Beat the Bug: Your Guide to Colds & Flus

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Colds & Flus

Beat the Bug: Your Guide to Colds & Flus
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How do you know it's cold and flu season? One word: ah-choo!

About 25 million to 50 million people in the United States will get the flu this year, and more than 60 million people will catch a cold. Will you be one of them? Here are recommendations for beating these pesky seasonal sicknesses.

An Ounce of Prevention

There is no cure for colds and flu, so it's best to avoid getting sick in the first place. A strong immune system may help prevent the common cold or flu. Proper nutrition, hygiene, rest, and stress management can strengthen the immune system.

Since both colds and the flu are highly contagious, good hygiene is important. Wash your hands often and keep your hands away from your face. Keep common surfaces in homes and offices clean to prevent spreading the cold & flu viruses. If possible, steer clear of those who have the flu. Adults are contagious for three to five days, but kids can remain contagious for up to 10 days.

Over-the-Counter Remedies

One look at all of the available cold and flu products and it's easy to see why some people don't know which product to choose. Many cold and flu remedies contain several ingredients to treat a variety of possible symptoms. What do pharmacists recommend? Buy products that contain only the active ingredients you need. This will save you money and prevent unnecessary side effects and drug interactions. Here's a rundown of the main ingredients in cold and flu formulas:
  • Decongestants break down congestion and promote drainage
  • Antihistamines reduce sneezing, dry out mucus, and promote rest
  • Cough suppressants subdue coughs and calm prickly throats
  • Expectorants help bring up mucus from the lungs
  • Analgesics reduce pain and fever
Cold and flu remedies cannot cure or even shorten your sickness, but most can help ease your symptoms. When looking for cold and flu products, it's really about choosing what makes you feel the best.

Antibiotics are effective against bacteria but not against colds or the flu, which are caused by viruses. Antibiotic overuse has produced bacteria that are resistant to all known antibiotics, a serious public health threat.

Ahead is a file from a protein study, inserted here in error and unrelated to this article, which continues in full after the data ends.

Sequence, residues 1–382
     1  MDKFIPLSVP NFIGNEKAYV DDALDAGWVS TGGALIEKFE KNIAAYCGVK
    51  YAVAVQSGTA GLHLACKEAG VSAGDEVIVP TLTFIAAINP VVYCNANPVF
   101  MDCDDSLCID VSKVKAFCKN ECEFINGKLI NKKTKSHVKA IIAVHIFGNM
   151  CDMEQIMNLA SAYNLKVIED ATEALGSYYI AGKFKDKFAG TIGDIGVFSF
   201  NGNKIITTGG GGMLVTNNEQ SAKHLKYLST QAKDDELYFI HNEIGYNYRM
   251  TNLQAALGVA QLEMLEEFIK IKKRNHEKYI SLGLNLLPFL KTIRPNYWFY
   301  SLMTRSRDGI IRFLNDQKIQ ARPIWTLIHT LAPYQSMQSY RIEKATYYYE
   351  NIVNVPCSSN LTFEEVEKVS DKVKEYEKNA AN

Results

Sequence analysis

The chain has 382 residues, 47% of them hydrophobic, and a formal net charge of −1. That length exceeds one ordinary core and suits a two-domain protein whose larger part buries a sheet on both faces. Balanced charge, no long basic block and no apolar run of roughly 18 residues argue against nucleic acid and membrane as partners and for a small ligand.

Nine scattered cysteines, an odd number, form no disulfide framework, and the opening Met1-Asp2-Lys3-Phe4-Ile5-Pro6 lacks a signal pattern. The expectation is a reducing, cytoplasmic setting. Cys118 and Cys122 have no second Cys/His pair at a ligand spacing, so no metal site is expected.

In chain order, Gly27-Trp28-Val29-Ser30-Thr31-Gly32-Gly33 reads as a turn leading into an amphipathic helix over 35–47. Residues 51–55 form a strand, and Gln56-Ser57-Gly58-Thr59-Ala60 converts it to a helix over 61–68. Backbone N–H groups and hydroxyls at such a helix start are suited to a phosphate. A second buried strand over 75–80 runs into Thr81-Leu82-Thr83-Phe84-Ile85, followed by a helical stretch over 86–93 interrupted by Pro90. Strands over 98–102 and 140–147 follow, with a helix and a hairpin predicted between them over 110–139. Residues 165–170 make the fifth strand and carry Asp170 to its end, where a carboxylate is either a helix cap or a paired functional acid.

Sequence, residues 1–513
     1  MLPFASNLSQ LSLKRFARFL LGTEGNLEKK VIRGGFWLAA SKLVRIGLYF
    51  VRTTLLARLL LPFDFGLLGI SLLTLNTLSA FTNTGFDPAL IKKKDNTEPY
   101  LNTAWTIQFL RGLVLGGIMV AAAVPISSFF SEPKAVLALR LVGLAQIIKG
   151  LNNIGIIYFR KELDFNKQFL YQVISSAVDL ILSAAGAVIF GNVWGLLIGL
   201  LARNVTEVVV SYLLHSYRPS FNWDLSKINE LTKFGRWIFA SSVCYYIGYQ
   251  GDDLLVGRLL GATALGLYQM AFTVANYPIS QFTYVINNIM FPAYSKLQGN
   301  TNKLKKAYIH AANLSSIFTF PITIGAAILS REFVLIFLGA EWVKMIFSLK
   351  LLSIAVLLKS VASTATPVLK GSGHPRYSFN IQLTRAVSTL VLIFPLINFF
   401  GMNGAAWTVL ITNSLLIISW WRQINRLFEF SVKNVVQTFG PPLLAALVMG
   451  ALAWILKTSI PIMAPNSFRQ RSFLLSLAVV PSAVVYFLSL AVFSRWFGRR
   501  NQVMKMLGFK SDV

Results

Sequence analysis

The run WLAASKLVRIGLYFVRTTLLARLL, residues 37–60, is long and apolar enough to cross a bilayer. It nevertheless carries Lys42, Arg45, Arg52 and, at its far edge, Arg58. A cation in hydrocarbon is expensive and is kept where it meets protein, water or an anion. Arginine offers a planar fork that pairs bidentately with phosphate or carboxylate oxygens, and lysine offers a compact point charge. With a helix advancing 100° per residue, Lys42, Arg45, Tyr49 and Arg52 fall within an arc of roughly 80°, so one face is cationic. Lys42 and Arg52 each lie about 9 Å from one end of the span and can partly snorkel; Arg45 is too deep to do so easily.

Cutting-Edge Alternative Treatments

The next big thing: zinc nasal sprays. A study to be published in February 2000 found that Zicam zinc nasal spray shortened cold symptoms from almost 10 days to about three days. Zinc lozenges are also thought to shorten cold symptoms, but be careful: Large doses of zinc can cause nausea, vomiting, and diarrhea. Try zinc lozenges after eating.

Many herbalists recommend goldenseal for flu. Best known as an antibiotic (antibacterial) herb, goldenseal also has antiviral and immune-stimulating actions. Echinacea is also said to shorten symptoms when taken at the start of a cold or flu. But echinacea probably won't help if taken constantly over a long period of time.

What about vitamin C? Doses of 500 mg four times a day may shorten cold symptoms by about a day or so. The jury is still out on whether vitamin C works as well for the flu as it does for colds.

Hot Fluids and Rest (ahh…)

Mom was right: drink a lot of fluids. Flu can cause fever, and fever is dehydrating. Sip herbal tea, juices, soups (notably chicken soup), water, and other nonalcoholic, non-caffeinated fluids throughout the day. Drinking a lot of fluids will help move the virus out of your system. Hot fluids also relieve sore throat, nasal congestion, and cough.

No matter what your favorite remedy is, a cold or flu will still have to run its course. Save your body's energy for your immune system. Grab that book you've been meaning to read, snuggle in comfortably, and get plenty of rest. It's the best you can do.

Learn more about caring for a cold in the Cold & Flu eCenter. Shop for cold-relief products in the Store, or use our new Cough & Cold Advisor to find exactly the right products for you.

This article is the copyright of and is reprinted with their permission. is a registered trademark of, Inc. All other names are trademarks and/or registered trademarks of their respective owners.

Information provided by is for informational purposes only and is not a substitute for professional medical advice. Only your healthcare provider should diagnose your healthcare problems and prescribe treatment.

Statements regarding dietary supplements are provided solely to offer our customers additional information about alternative medicine. No health claims for these products have been evaluated by the United States Food and Drug Administration (FDA), nor has the FDA approved these products to diagnose, cure or prevent disease. Please consult your healthcare provider before starting any course of supplementation or treatment, particularly if you are currently under medical care. Make sure you carefully read all product packaging prior to use. If you have or suspect you may have a health problem, you should consult your healthcare provider.







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